I’m certainly not the first or last person who has been in this moment. A moment where you know you are about do something that you can’t go back on. A decision has to be made that will be devastating either way. Something has to end. It’s going to hurt so badly to make this call, but how can you not? There is a price to pay here no matter what is decided.
There is a cost to the decision before me. And even when I weigh it, and think I know the right call to make, it doesn’t feel better.
If you’ve never had a pet, never had to consider having your pet put out of their suffering, you could very well still know the feeling of this experience.
Sure, there could be many differences. No one’s experience is exactly like anyone else. But there are circumstances that you may be in right now, knowing you need to make a really big decision, but no one answer brings complete relief, as you consider your options.
It could be leaving a job that you’ve enjoyed, or where you love your co-workers, but you have to move on for some reason. Maybe you have to find more hours somewhere or a higher paying position.
It’s ending a relationship that you know is not healthy. But you can’t forget the good times either. You can’t forget the dreams you had for the future or the plans you made together before it turned into what it is now.
It’s moving out of a neighborhood that feels like a family, but it is time and it’s the right thing to do. It’s necessary. But that’s where you planted the tree when your first child was born. That’s where the kids grew up. That’s where the last big family reunion was held before you lost that special loved one.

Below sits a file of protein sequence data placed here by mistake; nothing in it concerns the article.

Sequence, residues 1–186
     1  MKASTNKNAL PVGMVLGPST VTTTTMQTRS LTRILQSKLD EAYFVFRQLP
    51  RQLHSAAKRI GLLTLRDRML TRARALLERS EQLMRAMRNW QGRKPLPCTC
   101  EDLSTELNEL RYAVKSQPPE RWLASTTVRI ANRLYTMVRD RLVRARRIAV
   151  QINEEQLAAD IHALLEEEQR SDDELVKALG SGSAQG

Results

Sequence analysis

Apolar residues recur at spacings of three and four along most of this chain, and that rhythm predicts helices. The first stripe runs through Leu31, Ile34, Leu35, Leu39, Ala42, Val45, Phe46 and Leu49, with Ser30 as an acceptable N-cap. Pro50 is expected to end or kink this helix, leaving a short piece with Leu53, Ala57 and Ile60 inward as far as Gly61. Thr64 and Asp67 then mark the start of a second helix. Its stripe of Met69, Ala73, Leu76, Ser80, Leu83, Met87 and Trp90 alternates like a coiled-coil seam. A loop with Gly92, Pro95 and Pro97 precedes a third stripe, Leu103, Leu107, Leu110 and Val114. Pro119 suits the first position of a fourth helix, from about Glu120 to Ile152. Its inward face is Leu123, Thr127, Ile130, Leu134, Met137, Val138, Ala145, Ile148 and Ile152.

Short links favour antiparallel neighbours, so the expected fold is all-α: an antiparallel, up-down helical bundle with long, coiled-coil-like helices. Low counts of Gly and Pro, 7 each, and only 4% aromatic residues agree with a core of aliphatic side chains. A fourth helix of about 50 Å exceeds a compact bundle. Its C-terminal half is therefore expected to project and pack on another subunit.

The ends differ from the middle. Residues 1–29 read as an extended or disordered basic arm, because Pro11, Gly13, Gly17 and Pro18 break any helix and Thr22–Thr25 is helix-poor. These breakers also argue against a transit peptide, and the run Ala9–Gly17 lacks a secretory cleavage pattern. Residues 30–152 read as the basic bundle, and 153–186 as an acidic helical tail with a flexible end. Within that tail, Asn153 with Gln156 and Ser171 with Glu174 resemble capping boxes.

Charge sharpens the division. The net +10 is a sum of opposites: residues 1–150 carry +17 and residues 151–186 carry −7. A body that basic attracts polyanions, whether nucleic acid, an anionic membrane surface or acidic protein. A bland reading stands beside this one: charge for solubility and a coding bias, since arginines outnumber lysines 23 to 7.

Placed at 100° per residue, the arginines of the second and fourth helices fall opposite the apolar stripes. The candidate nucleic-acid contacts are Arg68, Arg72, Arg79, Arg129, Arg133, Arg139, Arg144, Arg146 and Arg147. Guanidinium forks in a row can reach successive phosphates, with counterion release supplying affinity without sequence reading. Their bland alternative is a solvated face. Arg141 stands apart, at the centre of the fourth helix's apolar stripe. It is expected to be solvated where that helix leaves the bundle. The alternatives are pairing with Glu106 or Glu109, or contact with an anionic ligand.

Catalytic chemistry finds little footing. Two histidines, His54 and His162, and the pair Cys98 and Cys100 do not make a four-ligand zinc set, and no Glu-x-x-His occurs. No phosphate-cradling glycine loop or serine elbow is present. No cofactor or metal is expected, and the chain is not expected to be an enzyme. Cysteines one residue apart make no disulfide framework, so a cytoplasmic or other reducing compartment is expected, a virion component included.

It’s emailing the vet to say I love him so much that I don’t want him to suffer. But can we come in the back door and leave the same way. Cause I’m already a mess just thinking about it.
There will be times when we need to make really tough decisions. And they are the right decisions. Even though they don’t make us feel better.
It’s those really difficult feelings though that tell you did it all right. That you tried all you could. That you put in all the effort possible. That you loved.
I’m looking to end my dog’s suffering. But in doing so, I’ll be creating my own. And that is the cost of trying, putting in effort, loving. A cost affordable when compared to feeling like you didn’t do enough.
Now there can be the issue of looking back with regrets. Saying to yourself, now that you’re in a place of saying good-bye, I shouldn’t have tried so hard for so long. I shouldn’t have put the kids through all those years of hoping for a different outcome. I shouldn’t have endured that stress for that long, just to end up ending things now anyways.
But that is how you get to now say goodbye, knowing, that you tried everything. You gave it your all and then some.
You never had a crystal ball to know where it was going, so all the hope in the world is what you carried. And that’s not bad. That’s in fact beautiful.
That’s how you know to your core, that you did everything you could for someone you loved. You made the best decision you could, with the information and hope you had at the time. And no one can do more than that for someone they love. Now, you are doing that very same thing again.
You are making the best decision you can, with where things are at now in life.
The other difficult matter that rises when making tough decisions and believe me when I tell you I’m feeling it now, is the feeling of betraying.